I remember walking in the street, while pregnant, looking at some young mothers pushing their prams, looking great.  They were made up and wearing cool clothes: the perfect combination of the modern mum and the urban self-confident woman.

I thought to myself ,” Right, I’ll be a pretty mummy.” (It’s funny how I never stopped to consider the other mums around, wearing sweatpants and who had given up on their brush.  Shouldn’t that have given me a hint?)

And then my beautiful baby came … nothing was (is) more important than her well-being.  Who cares what I look like?! Arguments were pouring through my mind:

1) I’m breastfeeding, so I need to be comfortable

2) I am not going to buy more clothes, I’ll just wear my training trousers until I fit into my old clothes again

3) I am getting up at night and going to bed during the day, so no real point of getting out of my PJs…

4) I never go out. Winter in Norway? Minus 18 and 2-meter snow, say no more!

A few months past, and I was not losing weight as quickly as I anticipated. A very strange fact considering all the chocolate I ate, while comfy at home in this semi reality where you don’t really know what day it is and life is but one word : “baby”…

My arguments came as strong as ever:

1) I read that one needs sugar when one is under-sleeping (“one” found that a very good argument indeed)

2) I am breastfeeding, so I need the extra nutrients (loads of that in a pack of white chocolate chips cookies)

3) I can’t go on a diet because I’m breastfeeding

4) I’m still hormonal, so I need comfort food

The one person that really had to see me like this was “only” my husband. Slowly, It felt that the margin you get from your loved one for having given birth and putting your body through hell was wearing thin (he is ever so supportive, but it would drive me nuts if he was in shabby clothes day in day out). So, I had to rethink.

I was clearly not giving up chocolate. So, I went shopping.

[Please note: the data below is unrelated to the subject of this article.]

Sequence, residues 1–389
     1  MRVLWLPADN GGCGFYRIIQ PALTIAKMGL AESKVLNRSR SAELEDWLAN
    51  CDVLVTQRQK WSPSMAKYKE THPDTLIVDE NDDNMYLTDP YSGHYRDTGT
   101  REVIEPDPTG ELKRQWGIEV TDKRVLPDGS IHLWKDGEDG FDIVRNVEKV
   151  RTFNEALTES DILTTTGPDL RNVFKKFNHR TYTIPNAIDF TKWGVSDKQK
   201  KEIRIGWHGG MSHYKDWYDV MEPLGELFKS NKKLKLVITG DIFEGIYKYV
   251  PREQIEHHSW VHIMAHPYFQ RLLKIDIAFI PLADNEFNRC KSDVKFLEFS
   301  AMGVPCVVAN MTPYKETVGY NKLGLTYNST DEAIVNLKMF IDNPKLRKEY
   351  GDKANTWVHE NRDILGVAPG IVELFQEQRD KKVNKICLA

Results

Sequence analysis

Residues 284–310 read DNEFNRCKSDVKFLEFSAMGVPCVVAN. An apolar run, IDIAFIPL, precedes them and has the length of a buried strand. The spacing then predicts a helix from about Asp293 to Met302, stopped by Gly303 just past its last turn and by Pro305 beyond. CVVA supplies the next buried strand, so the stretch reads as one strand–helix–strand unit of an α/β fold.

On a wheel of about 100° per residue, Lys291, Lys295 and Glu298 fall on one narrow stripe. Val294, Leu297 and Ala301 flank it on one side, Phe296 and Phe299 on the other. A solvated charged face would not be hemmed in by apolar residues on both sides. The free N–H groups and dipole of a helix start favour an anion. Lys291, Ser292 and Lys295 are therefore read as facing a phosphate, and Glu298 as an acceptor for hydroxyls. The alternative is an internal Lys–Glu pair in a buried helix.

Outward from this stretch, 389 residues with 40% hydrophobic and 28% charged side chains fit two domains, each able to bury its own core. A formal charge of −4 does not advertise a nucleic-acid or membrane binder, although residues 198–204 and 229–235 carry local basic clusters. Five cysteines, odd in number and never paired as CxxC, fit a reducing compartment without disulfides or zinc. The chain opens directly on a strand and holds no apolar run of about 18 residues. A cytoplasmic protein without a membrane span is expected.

With me came the wise advice of Susannah and Trinny (BBC’s “what not to wear”): put your attributes forward! I bought a pair of wide legged jeans that would fit the in-between person I was (in between my 20 + kilo pregnant self and the 8 + kilo self who had not returned to her “self” yet… still following?) and a top tight on the chest (definitely an asset at the time) and wide at the waist (definitely a handicap at the t… well still now actually… humpf!… moving on). I felt so good!

I twirled in front of my husband, who is so supportive and said yes you look so much fitter (than when I was 9-months pregnant? He couldn’t get it wrong.) Between you and me, I also got some underwear which didn’t look like I had taken over my grandmother’s closet and that was also a positive change.

To be honest, the first months I really couldn’t care less what I looked like, but after a while I started being impatient with this in-between body even though I knew I had no energy to change it. I should have definitely started earlier — accepting that current shape, buying two or three pieces of clothing that fit perfectly – even if you only wear them a few months – it does so much to your self-esteem.

When I stopped nursing around 10 months and going back to work, I got a rush wearing skirts and make-up and looking good. I still have bad hair days, and most of the time I find out I have a stain somewhere or other – but I make a point of wearing a little lip gloss or heels.  And although the scales show (almost) the same weight as before, I don’t think I’ll ever have the body I had pre-beautiful baby because that’s just what happens: your bones move, your flesh gets imprinted, you need to treat yourself when you can… but hey! a little gym and Zumba will tone it nicely … the day I start  😉

Anyhow in confidence and happiness I am a pretty mummy. Mission accomplished!

This is an original post to World Moms Blog by Ambre French, our French “maman” writing from Oslo, Norway.  You can view her profile on our Writer’s Page.

Photo credit to http://www.flickr.com/photos/iswc/1016400558/.  This photo has a creative commons attribution license.

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